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Scientists Probe Arsenic Cycle and Bioconversion in Terrestrial Ecosystems

Feb 07, 2018     Email"> PrintText Size

Arsenic is a ubiquitous but carcinogenic element in the land surface. An amazing fact on arsenic is its speciation, or in common words, existing forms, which have fantastical varying properties in environmental media and toxicological effects on biological organisms. Some are in high mobility and extremely toxic, like inorganic arsenite, while some are almost non-toxic to organisms, like organic form as arsenobetaine in fish and shrimps.  

The marine organisms seem to convert arsenic from other organic forms in lower grade into arsenobetaine in higher grade, which is supposed to be involved in some biological functions like counteraction to high salinity stress to organisms living in sea waters. However, little is known on arsenic cycle and bioconversion in terrestrial organisms. 

A research group led by Prof. WEI Chaoyang from the Institute of Geographic Sciences and Natural Resources Research (IGSNRR) of the Chinese Academy of Sciences has enhanced the basic knowledge on arsenic cycle and bioconversion in terrestrial ecosystems.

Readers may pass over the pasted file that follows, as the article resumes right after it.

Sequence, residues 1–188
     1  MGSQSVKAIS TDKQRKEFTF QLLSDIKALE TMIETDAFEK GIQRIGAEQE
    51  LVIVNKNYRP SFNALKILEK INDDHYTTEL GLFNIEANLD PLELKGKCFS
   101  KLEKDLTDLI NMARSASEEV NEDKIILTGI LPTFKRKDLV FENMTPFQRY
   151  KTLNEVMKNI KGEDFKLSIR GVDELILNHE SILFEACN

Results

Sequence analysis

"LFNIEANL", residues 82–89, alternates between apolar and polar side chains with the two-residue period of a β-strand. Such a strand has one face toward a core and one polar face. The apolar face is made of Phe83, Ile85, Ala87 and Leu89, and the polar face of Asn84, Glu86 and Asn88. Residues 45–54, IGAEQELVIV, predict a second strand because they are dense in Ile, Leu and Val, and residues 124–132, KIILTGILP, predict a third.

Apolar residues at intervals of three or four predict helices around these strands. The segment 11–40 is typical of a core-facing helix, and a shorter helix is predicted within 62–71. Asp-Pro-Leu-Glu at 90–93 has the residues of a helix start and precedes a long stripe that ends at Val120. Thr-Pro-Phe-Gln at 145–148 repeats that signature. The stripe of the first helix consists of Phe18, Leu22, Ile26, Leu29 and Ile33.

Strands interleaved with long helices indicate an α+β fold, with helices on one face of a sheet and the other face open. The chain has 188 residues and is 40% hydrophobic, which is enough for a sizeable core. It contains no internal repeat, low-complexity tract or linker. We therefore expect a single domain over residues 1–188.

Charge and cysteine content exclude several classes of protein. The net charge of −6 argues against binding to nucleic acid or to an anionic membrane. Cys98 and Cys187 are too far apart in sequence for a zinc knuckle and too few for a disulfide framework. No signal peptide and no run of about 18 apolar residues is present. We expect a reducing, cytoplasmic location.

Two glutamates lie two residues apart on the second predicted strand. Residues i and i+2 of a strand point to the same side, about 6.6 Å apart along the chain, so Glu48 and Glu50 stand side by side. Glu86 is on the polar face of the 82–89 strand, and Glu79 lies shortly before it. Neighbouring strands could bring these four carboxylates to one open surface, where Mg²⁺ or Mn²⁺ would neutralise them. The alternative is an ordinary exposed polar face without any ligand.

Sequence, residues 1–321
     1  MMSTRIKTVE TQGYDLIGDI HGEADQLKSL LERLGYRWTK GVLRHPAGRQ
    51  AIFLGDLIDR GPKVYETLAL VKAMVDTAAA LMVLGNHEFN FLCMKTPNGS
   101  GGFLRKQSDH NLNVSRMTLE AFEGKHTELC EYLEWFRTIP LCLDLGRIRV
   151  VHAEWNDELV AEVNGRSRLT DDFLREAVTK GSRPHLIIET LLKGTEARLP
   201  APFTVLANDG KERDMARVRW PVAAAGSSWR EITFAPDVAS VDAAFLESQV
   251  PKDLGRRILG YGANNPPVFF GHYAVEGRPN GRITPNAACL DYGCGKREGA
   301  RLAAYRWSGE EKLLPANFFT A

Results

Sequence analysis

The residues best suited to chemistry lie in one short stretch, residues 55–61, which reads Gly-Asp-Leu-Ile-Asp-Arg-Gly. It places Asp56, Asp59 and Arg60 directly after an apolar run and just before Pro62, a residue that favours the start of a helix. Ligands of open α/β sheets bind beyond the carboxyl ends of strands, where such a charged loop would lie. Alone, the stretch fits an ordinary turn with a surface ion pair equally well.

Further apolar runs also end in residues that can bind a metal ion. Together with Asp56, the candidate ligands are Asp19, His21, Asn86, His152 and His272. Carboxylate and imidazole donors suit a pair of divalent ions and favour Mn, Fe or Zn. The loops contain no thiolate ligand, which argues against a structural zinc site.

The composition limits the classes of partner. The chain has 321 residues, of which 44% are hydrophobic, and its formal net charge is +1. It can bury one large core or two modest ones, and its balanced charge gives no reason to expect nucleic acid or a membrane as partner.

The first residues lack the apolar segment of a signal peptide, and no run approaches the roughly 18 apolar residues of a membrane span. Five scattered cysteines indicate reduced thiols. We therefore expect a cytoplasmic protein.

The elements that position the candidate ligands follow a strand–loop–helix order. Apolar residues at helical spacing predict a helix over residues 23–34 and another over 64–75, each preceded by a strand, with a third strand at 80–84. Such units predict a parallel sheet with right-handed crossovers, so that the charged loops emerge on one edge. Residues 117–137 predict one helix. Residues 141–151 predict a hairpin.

By sampling of soils-plants-plant litter-earthworms in the vicinity of a closed arsenic mine in Shimen County, Hunan Province, China, the researchers gained further understanding of arsenic cycle and bioconversion in terrestrial ecosystems. In the paper published recently in Science of the Total Environment, the researchers made detailed comparisons of arsenic variation forms in various environmental and biological samples.  

They found a clue that some lower grade of organic arsenic like methylated forms can be converted to higher grade organic arsenic like arsenobetaine by earthworms in their bodies.  

This fact indicated that terrestrial and marine organisms may have common mechanisms in arsenic bioconversion, however, the potential biological functions of arsenobetaine in earthworms remain unknown, like the state in marine organisms. 

Another investigation on wild passerine birds conducted by the same research group found abnormal high arsenic levels in the feathers and gastric contents of the birds.  

The findings were published in Chemosphere. They pointed out that arsenic mining activities, although had been closed for 15 years, still produced significant impact on the local terrestrial ecosystem, as evidenced in the birds, the organisms at the top level of the food web in the mining area. 

 

A diagram showing arsenic cycle in a soil-plant- litter-earthworm system. (Image by YANG Fen)  

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(Editor: LI Yuan)

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